Egon Schiele was an Austrian Expressionist painter who, despite his short life, had a major influence on Modernist figurative painting in the 20th century. Notorious during his time for his bold portrayals of human sexuality, he has remained a subject of fascination and controversy to this day. Unlike his friend and mentor Gustav Klimt, Schiele’s paintings and drawings are compositionally bare, focusing on a stylized representation of the human figure that features exaggerated musculature and a special focus given to the extremities: digits, hair, breasts, and genitalia are all rendered with particular care. Born in Tulln an der Donau, Austro-Hungarian Empire on June 12, 1890, Schiele’s personal life was tumultuous and marked with death and tragedy. After his father died from syphilis in 1905, Schiele moved to Vienna where he garnered contact with the prominent painters Edvard Munch and Vincent van Gogh. Exhibiting his own work by 1908, within the following decade the artist was imprisoned on pornography charges, accused of seducing a minor, drafted for military service in World War I, and married twice. He ultimately succumbed to the Spanish flu pandemic of 1918, dying on October 31, 1918 at the age of 28.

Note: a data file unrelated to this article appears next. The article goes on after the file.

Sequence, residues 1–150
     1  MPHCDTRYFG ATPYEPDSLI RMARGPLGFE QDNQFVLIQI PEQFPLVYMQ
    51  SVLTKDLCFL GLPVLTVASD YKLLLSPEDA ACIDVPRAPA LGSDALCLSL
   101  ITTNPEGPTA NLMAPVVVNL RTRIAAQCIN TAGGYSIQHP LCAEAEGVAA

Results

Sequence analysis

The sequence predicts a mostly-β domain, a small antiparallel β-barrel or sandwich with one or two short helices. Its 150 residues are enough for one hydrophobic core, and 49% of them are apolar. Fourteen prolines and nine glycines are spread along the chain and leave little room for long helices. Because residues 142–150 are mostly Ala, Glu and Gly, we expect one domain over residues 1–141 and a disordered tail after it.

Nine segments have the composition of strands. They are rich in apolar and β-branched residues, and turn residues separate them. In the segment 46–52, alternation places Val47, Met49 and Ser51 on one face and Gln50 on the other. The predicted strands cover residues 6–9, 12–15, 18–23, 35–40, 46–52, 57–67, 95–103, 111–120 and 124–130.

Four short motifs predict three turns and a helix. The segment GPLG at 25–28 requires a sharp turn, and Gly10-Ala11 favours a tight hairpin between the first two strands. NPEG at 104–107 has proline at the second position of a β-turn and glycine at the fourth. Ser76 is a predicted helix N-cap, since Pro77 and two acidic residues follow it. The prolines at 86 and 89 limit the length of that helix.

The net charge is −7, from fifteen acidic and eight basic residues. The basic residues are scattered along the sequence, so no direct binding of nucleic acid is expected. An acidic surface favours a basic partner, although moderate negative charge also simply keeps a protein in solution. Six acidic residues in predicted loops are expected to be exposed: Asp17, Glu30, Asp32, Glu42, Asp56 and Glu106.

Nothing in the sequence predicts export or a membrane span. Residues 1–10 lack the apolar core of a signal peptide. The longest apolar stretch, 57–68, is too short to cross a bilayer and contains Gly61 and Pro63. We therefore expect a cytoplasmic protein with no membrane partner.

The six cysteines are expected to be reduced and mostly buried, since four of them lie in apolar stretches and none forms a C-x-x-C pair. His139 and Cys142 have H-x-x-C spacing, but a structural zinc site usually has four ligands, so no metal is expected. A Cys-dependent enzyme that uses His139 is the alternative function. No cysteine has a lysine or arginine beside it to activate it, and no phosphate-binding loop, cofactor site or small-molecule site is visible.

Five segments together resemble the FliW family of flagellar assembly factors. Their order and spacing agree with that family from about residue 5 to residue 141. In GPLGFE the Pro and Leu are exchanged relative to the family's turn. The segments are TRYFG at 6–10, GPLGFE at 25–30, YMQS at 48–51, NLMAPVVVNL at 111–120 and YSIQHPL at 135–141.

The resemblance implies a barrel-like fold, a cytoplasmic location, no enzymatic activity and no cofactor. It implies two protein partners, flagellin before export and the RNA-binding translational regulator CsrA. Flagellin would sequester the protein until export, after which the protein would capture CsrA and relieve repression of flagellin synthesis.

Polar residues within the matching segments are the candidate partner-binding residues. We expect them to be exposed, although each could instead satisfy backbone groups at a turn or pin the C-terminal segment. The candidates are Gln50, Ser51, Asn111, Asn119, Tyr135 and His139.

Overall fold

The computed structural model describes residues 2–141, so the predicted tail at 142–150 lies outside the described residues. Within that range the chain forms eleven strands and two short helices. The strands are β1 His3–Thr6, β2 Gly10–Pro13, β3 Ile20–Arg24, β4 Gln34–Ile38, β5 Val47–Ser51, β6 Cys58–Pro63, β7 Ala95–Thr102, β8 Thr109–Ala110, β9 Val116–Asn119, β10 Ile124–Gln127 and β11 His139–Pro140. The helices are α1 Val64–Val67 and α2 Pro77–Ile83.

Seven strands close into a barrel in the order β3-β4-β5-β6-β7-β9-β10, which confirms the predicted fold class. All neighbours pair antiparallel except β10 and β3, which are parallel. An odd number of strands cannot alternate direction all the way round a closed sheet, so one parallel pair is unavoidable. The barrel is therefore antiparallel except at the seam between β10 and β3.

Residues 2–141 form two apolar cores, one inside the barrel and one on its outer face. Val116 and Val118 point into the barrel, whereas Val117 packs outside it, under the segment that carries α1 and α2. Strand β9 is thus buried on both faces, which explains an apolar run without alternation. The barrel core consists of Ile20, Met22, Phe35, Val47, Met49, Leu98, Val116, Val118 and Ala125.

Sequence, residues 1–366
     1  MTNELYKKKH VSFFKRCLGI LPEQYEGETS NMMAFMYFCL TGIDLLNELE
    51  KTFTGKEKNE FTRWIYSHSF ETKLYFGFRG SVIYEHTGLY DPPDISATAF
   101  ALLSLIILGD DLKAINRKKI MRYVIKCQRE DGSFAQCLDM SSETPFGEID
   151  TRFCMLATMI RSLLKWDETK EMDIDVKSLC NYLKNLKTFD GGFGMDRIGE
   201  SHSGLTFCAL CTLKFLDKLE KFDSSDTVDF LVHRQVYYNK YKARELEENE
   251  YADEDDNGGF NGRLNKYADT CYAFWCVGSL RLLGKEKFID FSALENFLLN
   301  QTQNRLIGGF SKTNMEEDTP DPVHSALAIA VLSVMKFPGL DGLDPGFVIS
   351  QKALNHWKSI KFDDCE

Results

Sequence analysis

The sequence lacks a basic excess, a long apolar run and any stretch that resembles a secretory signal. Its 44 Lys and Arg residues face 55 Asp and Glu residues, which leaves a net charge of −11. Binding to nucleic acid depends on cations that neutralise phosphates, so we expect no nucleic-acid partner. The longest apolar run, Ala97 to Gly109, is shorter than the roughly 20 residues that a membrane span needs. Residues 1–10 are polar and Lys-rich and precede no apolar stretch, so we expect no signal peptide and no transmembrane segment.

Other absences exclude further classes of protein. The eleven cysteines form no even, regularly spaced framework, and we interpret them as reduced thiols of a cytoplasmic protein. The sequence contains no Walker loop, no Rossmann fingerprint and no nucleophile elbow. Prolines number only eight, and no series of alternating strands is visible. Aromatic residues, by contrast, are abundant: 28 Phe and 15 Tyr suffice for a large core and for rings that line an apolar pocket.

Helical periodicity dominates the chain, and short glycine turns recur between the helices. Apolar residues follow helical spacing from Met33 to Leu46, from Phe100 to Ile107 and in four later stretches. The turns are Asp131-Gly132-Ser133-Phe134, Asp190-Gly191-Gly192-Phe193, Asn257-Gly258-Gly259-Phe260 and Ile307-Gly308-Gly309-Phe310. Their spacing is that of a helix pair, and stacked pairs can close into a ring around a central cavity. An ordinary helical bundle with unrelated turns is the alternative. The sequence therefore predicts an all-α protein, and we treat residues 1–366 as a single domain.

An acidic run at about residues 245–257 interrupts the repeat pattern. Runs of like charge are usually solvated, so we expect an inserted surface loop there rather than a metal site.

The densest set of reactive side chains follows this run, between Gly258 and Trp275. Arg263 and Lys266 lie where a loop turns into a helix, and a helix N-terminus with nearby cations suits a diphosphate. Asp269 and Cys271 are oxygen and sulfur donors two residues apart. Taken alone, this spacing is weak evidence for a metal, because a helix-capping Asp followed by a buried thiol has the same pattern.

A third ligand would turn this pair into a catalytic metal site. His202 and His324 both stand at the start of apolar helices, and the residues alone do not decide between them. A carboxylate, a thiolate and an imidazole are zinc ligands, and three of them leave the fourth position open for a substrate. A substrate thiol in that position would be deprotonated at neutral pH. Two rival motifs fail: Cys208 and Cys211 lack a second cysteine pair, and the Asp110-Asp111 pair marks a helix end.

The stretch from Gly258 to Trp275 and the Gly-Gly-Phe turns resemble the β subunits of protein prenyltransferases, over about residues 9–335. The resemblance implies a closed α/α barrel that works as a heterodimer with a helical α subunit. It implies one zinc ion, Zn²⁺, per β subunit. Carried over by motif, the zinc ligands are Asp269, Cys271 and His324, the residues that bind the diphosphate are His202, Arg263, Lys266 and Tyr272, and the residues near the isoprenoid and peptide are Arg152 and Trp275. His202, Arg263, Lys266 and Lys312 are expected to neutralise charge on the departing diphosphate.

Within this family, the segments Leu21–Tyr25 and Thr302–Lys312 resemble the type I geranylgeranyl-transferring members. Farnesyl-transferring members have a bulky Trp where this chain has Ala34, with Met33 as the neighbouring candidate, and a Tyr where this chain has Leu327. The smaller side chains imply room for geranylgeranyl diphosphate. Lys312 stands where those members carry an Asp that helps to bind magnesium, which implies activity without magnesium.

Schiele’s legacy is incalculably influential, and his work can be found in important cultural collections like The Museum of Modern Art, The Neue Galerie, and the Österreichische Galerie Belvedere in Vienna.
[artnet.com & wikipedia]